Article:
Postseason Rotation: Who’s In, Who’s Out?

Is Dan Straily's mustache thick enough for him to warrant a spot in the playoff rotation? (Photo courtesy of Keith Allison)

Is Dan Straily’s mustache thick enough for him to warrant a spot in the playoff rotation? (Photo courtesy of Keith Allison)

As the regular season schedule draws closer to its terminus, a potential second straight trip to the playoffs becomes more of a reality for the A’s. With the postseason scheduled to begin in less than three weeks the team must start thinking about their postseason rotation soon, if they haven’t given it some thought already. Bartolo Colon and Jarrod Parker already have their spots locked down, leaving three pitchers (A.J. Griffin, Dan Straily and Sonny Gray) fighting for the remaining two spots.

A.J. Griffin stated his case yesterday by tossing seven innings of one-run ball, allowing just two hits and a walk while fanning eight. Griffin has the most experience of the trio, having been with the team during last season’s playoff run and getting the start in Game 4 of the ALDS where he pitched well enough (two runs and seven hits over five innings with no walks and a strikeout) to give the A’s a shot to win. He also leads the team with 30 starts.

And he plays a pretty mean guitar, too. (Photo: Steve Bowles - Left Field Bleachers)

And he plays a pretty mean guitar, too. (Photo: Steve Bowles – Left Field Bleachers)

However, Griffin has been extremely prone to giving up homers, leading the majors with 34 surrendered. Part of the problem is Griffin is a quick worker on the mound, and his tendency to rush through his pitching motion throws off his mechanics and results in pitches that stay up in the strike zone.

Fortunately, Ken Korach and Vince Cotroneo recently pointed out Griffin has done a better job of taking his time to deliver his pitches in his last few starts, and it seems to have helped his control. Griffin has walked just one batter in each of his last four starts, after walking a combined 15 in the previous three, and his pitches are staying low as they should.

If Griffin can continue to refine his mechanics the ball will stay in the park more, and it should earn him a spot in the rotation.

Straily has done a better job of limiting long balls than Griffin, but he’s also been somewhat inconsistent in his first full season in the majors. Just when it seems he’s turned a corner by pitching two or three superb games, he’ll follow that up with an absolute clunker or two which leaves you scratching your head. That’s just part of the growing pains with young pitchers.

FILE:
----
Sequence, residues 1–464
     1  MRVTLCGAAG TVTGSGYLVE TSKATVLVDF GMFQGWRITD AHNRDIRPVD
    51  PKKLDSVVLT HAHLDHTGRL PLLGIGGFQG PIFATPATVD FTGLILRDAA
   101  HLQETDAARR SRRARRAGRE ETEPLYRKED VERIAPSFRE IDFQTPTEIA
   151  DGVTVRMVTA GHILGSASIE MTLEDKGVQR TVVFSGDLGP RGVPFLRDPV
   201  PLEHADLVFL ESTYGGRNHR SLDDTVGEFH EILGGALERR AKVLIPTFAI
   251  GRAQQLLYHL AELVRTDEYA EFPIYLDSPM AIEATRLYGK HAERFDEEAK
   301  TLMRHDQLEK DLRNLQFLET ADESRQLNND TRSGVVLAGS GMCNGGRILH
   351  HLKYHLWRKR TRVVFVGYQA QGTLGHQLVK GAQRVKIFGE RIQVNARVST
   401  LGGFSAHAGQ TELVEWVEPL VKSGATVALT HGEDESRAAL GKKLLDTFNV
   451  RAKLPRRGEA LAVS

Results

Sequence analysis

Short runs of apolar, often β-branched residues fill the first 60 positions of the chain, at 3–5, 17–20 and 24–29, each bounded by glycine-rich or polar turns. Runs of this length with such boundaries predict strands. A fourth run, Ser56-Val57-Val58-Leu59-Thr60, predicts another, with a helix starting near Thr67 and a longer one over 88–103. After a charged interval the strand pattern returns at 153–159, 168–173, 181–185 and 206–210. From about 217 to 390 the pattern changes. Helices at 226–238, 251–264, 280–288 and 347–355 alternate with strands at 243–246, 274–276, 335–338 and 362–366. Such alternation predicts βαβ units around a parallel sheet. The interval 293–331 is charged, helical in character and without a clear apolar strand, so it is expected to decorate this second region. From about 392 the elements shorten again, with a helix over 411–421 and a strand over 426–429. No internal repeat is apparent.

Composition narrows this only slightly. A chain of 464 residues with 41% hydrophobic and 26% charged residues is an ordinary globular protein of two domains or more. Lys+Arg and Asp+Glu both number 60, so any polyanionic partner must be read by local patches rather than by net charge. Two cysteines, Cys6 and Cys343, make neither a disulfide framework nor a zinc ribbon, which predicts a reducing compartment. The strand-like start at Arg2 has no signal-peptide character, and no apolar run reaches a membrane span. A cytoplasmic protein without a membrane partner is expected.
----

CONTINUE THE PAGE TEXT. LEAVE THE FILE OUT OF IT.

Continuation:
He has pitched very well as of late, allowing a total of just three earned runs during his last three starts in a span of 18 innings, lowering his ERA by more than 40 points.

The real wild card here is Gray, who has looked extremely impressive during his short time in the show. Gray has really only had one bad start, getting knocked around a bit by Baltimore on August 25, and he’s given up just two homers in 48 innings. However, he has eclipsed his previous career-high in innings pitched (166.1 compared to 152 last year) and clubs are usually reluctant to let their rookie hurlers approach 200 innings.

You certainly don’t want to overload a young arm, but you also don’t want to make a playoff run with a dynamic talent just sitting on the shelf.  It’s a tough balance to strike, but at least the A’s have plenty of options no matter what they decide.

Interestingly, the idea of putting Brett Anderson back into the rotation doesn’t seem to be a possibility anymore as he has settled into the bullpen pretty nicely. Anderson could be the most talented pitcher the A’s have, but his injury-prone body just doesn’t want to cooperate. It’s often thought that starting pitchers who get hurt often would be better off by limiting their innings in a bullpen role, and it’s looking more likely that’s where Anderson will stay for the rest of the year.

If I had to decide today I would give the last two spots to Griffin and Gray. Griffin is looking more and more like the pitcher he was last year and Gray is just too good to pass up. It should also be noted that Straily has a 2.25 ERA and 1.0 WHIP during day games, but those numbers skyrocket to 5.21 and 1.39 at night, when the majority of playoff games are played.

However, taking Straily out of the rotation would necessitate a move to bullpen or being left off the roster completely.

Straily has never pitched out of the bullpen in the majors, and the A’s have a surplus of quality arms to shuffle around, with only so many spots to fill. Depending on how many position players they carry, we may end up seeing Straily and somebody like Jesse Chavez sitting out the ALDS.

Funny enough, the resurgence of the ever-popular Daric Barton is making it difficult to decide who makes the 25-man playoff roster. I never thought I would be saying that at this point in the season, but stranger things have happened.

Such as Daric Barton hitting a home run. (Photo: Kyle Terada - USA Today Sports)

Such as Daric Barton hitting a home run. (Photo: Kyle Terada – USA Today Sports)

This entry was posted in 2013 Season and tagged , , , , , , , , , . Bookmark the permalink.

One Response to Postseason Rotation: Who’s In, Who’s Out?

  1. great atricle… i was just thinking the same thing today.

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